Saint Ciriaco and Saint Paula
Ciriaco and Paula were two young local Christians who were martyred on June 18, 303, as part of a persecution ordered by Diocletian. They were sacrificed in what is now known as Martiricos, which alludes directly to these two young people.
In 1487, with the arrival of the Catholic Monarchs in the city, the Holy Martyrs Ciriaco and Paula were named patrons of the city of Málaga, and one of the first four churches was dedicated to them. From 1582 until the end of the 20th century, 18 June was a holiday in Málaga.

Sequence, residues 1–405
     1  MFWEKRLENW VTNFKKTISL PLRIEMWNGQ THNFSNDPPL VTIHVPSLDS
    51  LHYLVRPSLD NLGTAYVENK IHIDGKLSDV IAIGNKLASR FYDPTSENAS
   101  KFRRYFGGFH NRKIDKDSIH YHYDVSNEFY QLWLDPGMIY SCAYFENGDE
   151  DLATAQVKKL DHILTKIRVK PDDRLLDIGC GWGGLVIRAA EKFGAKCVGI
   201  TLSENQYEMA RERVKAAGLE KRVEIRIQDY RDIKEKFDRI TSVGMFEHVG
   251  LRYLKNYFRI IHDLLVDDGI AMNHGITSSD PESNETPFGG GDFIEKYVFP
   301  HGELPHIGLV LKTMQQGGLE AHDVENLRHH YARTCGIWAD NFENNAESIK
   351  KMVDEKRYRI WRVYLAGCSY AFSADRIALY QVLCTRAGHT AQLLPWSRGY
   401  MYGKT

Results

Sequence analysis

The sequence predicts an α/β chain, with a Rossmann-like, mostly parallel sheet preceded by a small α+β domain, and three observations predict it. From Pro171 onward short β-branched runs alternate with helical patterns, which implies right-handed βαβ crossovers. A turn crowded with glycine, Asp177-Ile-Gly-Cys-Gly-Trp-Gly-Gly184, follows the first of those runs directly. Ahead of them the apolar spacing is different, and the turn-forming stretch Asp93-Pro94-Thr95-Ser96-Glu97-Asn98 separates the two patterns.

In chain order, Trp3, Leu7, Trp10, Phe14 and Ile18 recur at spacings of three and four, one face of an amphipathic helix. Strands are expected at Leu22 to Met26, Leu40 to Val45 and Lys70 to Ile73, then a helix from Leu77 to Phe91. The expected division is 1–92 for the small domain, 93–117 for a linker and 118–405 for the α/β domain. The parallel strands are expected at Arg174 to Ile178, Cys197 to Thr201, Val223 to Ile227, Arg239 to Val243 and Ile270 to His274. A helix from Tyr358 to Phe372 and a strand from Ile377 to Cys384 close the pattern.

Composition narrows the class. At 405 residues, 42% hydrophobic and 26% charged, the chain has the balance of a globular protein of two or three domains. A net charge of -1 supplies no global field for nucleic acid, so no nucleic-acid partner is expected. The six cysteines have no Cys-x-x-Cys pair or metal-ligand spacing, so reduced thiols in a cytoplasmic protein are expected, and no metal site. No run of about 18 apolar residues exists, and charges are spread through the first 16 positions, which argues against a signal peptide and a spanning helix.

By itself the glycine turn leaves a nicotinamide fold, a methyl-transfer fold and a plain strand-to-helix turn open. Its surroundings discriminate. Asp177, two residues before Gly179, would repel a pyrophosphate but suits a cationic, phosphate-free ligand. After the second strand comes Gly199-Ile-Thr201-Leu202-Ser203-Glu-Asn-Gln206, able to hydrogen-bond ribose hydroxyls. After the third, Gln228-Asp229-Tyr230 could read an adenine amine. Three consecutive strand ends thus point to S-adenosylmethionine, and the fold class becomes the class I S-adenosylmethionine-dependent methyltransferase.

The current images of the patrons, sculpted by Jerónimo Gómez Hermosilla in 1645, preside over the high altar of the church of Santos Mártires Ciriaco y Paula. They come from the Cathedral, since the original icons in the church were destroyed in the attacks in the 1930s.
One congregation dedicates services and festivals in honour of the two saints throughout the year, including a solemn procession around the date of their feast day. In addition, the Diocese of Málaga has assigned the rank of solemnity to their feast day, with a mass that is held every 18 June.